This is dedicated to my daughter-in-law, Saige Schuller, who lost her father to cancer three years ago today, on September 11, 2015.
A good part of our lives is spent accumulating and celebrating family, friends, material goods, jobs, houses, and other things that make life amazing. It’s tough coming to grips with the reality of our temporary life here on earth. We eventually lose everything.
No one can escape the loss of a loved-one, a career (even through retirement), or anything we love and cherish.
Loss can hit us suddenly or sometimes it rolls on through a slow decline.
Loss and the death of a dream, a pet, a friend, and especially a family member, hurts badly. Each of us experiences it’s sting in painful ways as we hopefully grow and learn through each incidence of loss.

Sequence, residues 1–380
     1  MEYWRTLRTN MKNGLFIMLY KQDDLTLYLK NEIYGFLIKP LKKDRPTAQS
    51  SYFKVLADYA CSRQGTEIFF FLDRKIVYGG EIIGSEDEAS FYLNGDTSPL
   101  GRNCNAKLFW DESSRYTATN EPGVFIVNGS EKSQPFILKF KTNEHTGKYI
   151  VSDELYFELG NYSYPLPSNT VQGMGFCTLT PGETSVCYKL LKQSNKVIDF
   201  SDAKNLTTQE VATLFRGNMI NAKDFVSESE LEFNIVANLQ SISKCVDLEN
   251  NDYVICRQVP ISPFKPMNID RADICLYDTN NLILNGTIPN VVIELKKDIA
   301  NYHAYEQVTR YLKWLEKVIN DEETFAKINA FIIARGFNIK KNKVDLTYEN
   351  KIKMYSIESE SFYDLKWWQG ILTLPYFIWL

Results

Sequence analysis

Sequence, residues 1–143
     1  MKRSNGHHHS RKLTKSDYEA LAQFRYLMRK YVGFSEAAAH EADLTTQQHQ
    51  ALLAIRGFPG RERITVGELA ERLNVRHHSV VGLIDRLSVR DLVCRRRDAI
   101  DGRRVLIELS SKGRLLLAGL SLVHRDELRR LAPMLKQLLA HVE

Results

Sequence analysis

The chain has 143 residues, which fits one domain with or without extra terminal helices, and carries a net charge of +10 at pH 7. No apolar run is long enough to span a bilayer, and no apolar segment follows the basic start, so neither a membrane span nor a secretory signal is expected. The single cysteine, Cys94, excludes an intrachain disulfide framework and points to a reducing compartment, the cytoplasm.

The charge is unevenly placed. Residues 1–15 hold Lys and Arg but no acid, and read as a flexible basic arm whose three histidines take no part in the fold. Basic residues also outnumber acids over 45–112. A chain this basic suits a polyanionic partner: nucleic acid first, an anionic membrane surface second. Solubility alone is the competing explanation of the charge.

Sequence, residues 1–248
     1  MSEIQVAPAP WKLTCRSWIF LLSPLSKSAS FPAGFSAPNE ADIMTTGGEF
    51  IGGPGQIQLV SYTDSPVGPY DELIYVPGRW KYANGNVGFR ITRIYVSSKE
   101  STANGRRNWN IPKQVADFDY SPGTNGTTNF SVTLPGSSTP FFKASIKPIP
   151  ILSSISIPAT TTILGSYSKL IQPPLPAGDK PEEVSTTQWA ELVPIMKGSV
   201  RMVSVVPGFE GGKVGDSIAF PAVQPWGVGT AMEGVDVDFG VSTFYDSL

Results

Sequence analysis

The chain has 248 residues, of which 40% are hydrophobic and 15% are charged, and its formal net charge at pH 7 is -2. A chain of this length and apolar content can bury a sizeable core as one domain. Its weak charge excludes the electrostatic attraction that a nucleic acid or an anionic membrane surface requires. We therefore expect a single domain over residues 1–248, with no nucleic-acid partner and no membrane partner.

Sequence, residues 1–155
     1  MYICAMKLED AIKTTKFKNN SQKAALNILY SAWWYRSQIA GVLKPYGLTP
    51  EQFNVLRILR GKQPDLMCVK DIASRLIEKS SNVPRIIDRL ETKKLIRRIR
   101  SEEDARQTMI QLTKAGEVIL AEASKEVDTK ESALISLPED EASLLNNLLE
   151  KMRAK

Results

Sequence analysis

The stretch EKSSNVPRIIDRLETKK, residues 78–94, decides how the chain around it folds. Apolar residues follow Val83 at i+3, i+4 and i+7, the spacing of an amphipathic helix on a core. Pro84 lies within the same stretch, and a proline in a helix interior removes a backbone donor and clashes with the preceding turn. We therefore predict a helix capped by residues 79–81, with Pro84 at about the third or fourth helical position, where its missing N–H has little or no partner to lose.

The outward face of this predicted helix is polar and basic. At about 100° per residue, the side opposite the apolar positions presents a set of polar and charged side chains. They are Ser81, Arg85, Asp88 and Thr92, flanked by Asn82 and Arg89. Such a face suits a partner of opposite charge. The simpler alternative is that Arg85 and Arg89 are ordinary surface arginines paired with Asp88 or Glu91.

Once you’ve experienced a deep valley of darkness due to loss, and you begin to heal, your consideration of loss takes on new character and meaning.
Your grief can result in:
-an ability to help others through better understanding their grief, loss, and pain.
-a strengthening of inner courage and resolve.
-personal growth in depth of insight and wisdom.
-a new appreciation for life and it’s fragility.
-a thankful heart for the time you had with your loved one.
Remember-grief has a season of its own. Don’t try to rush through it or listen to people who may be insensitive to your loss. The searing pain you feel today, will lessen into a dull ache over time, and you will experience healing.
“There is a time for everything,
and a season for every activity under the heavens.” Ecclesiastes 3